Does the gas turbine have conventional combustors or DLN combustors?

If the gas turbine has DLN combustors, which version of DLN combustors does it have--I or 2.0, or 2.6?

What was the value of the average exhaust temperature, signal name TTXM, in the 20 seconds prior to the trip?

What was the value of the exhaust temperature reference/limit, signal name TTRX, in the 20 seconds prior to the trip?

What were the values of the three exhaust temperature spreads (signal names TTXSP1, TTXSP2 & TTXSP3) in the 20 seconds prior to the trip?

When (at what speed) did the starting means cease to provide torque to the turbine shaft?

What was the gas fuel supply pressure in the 20 seconds prior to the trip?

What was the P2 pressure (usually signal FPG2) in the 20 seconds prior to the trip?

What was the P2 pressure reference (usually signal name FPRG) in the 20 seconds prior to the trip?

What kind of gas fuel was being burned when the turbine tripped? Is it "typical" natural gas, or low-BTU natural gas, or some process gas (from a refinery or steel mill)?

What was the IGV angle (signal name CSGV) prior to the trip?

What was the ambient temperature at the time of the trip?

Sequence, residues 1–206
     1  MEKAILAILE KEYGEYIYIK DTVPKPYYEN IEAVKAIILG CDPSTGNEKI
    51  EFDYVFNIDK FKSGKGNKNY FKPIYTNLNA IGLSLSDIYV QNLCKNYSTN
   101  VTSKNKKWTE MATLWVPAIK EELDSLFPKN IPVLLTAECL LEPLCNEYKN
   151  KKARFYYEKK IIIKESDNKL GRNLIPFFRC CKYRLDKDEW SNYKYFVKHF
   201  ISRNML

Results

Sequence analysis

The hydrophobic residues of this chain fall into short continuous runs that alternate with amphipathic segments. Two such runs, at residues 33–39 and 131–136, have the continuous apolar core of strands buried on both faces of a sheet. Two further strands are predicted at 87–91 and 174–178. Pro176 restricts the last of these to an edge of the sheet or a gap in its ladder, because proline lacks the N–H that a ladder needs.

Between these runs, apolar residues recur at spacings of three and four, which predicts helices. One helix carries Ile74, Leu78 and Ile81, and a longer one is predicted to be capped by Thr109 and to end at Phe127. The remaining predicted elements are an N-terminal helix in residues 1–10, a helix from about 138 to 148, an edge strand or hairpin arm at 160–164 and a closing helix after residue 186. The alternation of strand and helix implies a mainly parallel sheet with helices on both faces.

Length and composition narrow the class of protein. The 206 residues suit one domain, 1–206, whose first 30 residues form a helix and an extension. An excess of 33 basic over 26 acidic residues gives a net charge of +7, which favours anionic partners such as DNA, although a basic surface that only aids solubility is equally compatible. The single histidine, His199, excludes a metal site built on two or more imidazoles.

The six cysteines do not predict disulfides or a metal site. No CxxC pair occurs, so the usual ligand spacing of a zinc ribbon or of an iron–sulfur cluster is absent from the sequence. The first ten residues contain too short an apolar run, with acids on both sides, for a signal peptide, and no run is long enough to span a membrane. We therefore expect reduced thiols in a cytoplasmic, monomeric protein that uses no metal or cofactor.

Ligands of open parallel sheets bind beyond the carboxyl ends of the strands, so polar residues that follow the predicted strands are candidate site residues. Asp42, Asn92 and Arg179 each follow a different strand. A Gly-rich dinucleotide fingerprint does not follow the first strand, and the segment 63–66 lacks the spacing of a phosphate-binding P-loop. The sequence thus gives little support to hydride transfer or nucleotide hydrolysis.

What was the turbine inlet air filter differential pressure prior to the trip?

When was the last time the axial compressor was water washed prior to the trip?

How many exhaust thermocouples are failed (reading negative temperatures)?

When was the most recent turbine maintenance outage, and what was the outage--a Combustion Inspection, or a Hot Gas Path Inspection or a Major Inspection?

What kind of starting means does the gas turbine have--an induction electric motor or a diesel engine?

What is the normal torque converter charge pressure at 2200 RPM?

Because you have provided so little information in you original post the answers to these questions are VERY important, and you must provide the answers to all the questions (even if you don't believe some or most of the questions are relevant!) in order for us to provide any meaningful answers. The reason the turbine tripped could be any one of a number of reasons and the little information you provided doesn't help narrow down the possible causes.

If one had to make a guess, it's probably because the turbine inlet air filters are dirty and need replacing, AND the axial compressor and IGVs are dirty, AND the starting means (including the torque converter) needs refurbishment, AND the gas fuel supply pressure and/or flow was unstable just prior to the trip, AND/OR the gas fuel has a low BTU content, AND the exhaust temperature spreads were high (indicating EITHER one or two failed exhaust thermocouples AND/OR the absence of flame in one or more combustors).

A low BTU content fuel would cause a poor flame color AND possibly result in the seemingly high gas control valve position, trying to increase the turbine acceleration rate.